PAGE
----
Advocates: state animal cruelty laws lack bite
By: Solomon Syed
TROY, N.Y. — You wouldn’t know it from a booming bark, or playful purring, but too often pets are silent victims when it comes to animal abuse.”Our pets are so important for our families, they’re a part of families,” said Assemblyman Jim Tedisco. “And we’ve got some situations that have come out recently in this area where there seems to be a lot more need for education.”
Tedisco is one of several guest speakers at the Empire State Animal Protection Forum, where dozens gathered to give a voice to our furry friends in need.
“Not just for people who are in animal situations, but also for the general population,” said Laurie Smith, an animal cruelty investigator.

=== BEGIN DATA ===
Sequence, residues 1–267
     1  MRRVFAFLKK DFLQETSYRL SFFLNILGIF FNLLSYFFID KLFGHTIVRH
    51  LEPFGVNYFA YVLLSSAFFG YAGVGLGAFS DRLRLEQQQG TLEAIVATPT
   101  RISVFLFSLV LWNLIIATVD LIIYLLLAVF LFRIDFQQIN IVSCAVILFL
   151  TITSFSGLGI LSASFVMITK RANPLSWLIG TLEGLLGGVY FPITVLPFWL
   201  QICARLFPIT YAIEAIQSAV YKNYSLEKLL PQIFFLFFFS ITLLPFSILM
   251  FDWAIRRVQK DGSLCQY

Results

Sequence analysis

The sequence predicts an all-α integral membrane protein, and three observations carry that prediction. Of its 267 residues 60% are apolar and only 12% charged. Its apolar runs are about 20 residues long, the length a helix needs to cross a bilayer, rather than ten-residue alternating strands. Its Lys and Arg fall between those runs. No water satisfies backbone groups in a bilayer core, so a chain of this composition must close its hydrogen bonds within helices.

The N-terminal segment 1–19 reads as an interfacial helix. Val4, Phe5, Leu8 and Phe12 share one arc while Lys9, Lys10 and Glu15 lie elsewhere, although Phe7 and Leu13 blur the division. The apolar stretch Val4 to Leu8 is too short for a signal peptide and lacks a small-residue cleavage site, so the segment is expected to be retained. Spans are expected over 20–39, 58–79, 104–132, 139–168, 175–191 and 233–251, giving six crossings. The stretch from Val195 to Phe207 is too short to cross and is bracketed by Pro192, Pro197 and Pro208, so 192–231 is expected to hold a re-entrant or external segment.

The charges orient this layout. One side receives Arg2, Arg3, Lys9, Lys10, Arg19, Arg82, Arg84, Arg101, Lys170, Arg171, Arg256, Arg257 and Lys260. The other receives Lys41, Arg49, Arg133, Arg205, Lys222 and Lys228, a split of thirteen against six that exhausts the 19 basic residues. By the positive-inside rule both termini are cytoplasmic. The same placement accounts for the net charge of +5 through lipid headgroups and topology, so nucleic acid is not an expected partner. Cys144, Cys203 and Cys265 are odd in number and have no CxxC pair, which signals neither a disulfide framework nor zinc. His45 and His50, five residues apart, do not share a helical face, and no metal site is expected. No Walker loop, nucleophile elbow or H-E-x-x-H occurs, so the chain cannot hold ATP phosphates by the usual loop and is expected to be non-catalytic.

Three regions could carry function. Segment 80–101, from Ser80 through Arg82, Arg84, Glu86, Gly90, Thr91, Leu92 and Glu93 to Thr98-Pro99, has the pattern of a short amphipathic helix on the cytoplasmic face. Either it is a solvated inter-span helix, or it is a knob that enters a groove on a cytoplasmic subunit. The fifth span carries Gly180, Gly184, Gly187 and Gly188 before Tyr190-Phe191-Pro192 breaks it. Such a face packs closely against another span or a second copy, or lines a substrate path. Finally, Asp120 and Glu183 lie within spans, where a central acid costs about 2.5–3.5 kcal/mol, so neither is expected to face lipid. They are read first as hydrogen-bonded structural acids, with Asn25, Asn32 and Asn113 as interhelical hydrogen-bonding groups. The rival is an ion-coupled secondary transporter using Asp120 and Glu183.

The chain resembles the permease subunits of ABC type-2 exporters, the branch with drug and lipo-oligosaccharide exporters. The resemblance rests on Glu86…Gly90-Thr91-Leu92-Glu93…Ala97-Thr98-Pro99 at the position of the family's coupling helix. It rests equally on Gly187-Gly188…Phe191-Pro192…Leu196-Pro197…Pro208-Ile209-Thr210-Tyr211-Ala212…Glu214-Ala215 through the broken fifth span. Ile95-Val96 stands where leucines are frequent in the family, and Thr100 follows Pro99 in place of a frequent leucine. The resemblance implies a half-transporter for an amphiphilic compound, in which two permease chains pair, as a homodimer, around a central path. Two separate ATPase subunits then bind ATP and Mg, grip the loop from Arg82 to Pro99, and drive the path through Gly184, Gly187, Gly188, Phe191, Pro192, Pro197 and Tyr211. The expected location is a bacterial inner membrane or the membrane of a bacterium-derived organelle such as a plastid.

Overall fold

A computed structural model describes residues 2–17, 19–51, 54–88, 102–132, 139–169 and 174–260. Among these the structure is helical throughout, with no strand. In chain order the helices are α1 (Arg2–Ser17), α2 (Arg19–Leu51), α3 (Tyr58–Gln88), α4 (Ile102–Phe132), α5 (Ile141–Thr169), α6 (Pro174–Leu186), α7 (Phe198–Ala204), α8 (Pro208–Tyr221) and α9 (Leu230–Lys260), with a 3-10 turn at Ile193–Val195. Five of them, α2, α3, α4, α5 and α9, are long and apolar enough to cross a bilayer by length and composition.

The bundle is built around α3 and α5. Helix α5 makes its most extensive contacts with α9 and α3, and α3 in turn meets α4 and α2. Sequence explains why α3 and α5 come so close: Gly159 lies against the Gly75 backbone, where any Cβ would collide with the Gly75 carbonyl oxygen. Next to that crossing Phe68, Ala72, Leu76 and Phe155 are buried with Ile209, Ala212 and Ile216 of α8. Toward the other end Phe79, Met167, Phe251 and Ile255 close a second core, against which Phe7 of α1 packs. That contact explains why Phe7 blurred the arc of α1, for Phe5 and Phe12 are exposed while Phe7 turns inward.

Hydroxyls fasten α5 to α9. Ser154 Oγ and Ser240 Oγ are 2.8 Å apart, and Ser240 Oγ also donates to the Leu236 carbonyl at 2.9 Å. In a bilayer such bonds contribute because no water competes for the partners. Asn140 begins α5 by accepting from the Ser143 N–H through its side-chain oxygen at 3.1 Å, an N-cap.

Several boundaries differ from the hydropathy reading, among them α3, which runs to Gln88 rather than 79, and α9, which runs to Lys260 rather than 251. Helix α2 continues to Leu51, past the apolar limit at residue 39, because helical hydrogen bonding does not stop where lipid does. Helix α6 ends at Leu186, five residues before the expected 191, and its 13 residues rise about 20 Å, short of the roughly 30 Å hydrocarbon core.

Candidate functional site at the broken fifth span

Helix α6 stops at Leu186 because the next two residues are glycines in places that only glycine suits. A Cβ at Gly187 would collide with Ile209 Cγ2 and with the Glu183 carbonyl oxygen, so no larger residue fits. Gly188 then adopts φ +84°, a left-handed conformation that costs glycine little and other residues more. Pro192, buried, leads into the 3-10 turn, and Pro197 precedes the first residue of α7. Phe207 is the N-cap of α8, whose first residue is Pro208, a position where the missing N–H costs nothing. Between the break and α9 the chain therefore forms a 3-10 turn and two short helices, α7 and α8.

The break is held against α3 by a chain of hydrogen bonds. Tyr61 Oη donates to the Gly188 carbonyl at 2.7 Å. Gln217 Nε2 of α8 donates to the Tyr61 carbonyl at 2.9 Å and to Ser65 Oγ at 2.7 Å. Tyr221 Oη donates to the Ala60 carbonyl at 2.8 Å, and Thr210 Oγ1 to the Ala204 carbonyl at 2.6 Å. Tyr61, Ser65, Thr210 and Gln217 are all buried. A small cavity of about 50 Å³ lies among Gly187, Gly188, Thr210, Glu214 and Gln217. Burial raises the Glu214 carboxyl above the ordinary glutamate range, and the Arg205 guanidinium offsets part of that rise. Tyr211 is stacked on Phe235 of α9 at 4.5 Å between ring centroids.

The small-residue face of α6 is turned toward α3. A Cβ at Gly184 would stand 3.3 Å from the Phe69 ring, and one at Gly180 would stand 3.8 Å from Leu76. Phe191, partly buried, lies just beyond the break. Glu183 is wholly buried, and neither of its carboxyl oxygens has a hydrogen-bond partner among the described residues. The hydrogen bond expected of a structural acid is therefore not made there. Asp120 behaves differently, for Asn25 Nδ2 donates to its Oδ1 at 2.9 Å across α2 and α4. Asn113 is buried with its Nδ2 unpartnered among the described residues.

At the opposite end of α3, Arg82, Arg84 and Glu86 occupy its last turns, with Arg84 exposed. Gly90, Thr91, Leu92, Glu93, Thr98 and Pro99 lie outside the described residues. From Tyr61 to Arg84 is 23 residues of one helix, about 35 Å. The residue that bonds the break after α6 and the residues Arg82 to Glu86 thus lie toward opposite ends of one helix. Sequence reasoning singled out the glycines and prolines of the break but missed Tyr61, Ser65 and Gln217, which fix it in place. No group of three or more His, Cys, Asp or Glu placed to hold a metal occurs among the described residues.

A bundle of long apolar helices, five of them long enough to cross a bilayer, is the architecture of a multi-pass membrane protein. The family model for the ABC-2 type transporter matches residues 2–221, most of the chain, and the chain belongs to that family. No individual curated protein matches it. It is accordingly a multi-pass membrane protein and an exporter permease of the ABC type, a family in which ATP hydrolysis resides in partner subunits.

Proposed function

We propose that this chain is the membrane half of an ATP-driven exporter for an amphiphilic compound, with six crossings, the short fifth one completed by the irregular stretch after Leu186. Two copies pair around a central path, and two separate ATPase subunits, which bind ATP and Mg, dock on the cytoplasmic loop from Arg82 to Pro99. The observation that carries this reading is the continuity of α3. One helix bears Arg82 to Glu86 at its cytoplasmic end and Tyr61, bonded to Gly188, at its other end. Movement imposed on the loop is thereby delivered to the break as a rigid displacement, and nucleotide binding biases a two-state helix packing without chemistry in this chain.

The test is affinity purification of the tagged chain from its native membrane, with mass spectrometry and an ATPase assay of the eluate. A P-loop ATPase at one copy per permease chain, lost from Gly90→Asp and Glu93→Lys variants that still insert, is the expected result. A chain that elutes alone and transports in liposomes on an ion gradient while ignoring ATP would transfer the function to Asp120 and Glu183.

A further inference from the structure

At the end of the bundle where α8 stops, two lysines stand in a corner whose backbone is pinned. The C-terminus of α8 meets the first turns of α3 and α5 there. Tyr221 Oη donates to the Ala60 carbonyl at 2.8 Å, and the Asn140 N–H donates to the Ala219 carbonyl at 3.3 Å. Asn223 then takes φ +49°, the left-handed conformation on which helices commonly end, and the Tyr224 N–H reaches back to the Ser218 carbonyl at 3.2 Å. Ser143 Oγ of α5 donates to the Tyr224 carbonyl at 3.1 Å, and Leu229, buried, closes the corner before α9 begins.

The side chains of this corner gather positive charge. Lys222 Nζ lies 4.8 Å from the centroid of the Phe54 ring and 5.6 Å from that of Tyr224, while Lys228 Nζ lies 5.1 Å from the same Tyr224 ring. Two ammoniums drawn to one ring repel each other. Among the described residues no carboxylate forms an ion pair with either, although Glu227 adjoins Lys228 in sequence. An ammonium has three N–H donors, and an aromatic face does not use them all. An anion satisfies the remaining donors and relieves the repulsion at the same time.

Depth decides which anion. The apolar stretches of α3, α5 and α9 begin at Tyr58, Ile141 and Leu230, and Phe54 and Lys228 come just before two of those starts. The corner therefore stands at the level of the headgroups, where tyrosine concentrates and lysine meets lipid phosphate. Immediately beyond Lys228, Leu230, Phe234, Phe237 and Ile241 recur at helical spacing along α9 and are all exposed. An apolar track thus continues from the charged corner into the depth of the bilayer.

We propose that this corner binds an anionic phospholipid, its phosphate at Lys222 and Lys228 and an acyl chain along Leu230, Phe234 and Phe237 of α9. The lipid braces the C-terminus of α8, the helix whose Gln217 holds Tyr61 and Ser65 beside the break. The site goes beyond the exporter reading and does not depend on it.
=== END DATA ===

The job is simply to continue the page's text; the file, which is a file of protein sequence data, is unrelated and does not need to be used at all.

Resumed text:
But some legal experts believe education pales in comparison to the need for reforming New York’s animal cruelty statutes they say lack bite.
“The animal cruelty laws are located in the agriculture and markets law in New York state, and that’s unusual,” said law professor and New York State Humane Association board member Valerie Lang. “In most state’s, they’re in the penal code, where the police are adequately and sufficiently trained in the laws to enforce them.”
Tedisco, who’s also up for re-election, sponsored the landmark Buster’s Bill, which makes it a felony to abuse a “companion animal.”
Now he and others are pushing to enhance the law and step up its enforcement, in light of allegations a Rensselaer County man tortured and killed his dog, shooting it in the head three times. As of now, that individual faces only misdemeanor charges.
The hope is that improved awareness through programs like these may help put an end to animal cruelty before long claw of the law has to get involved.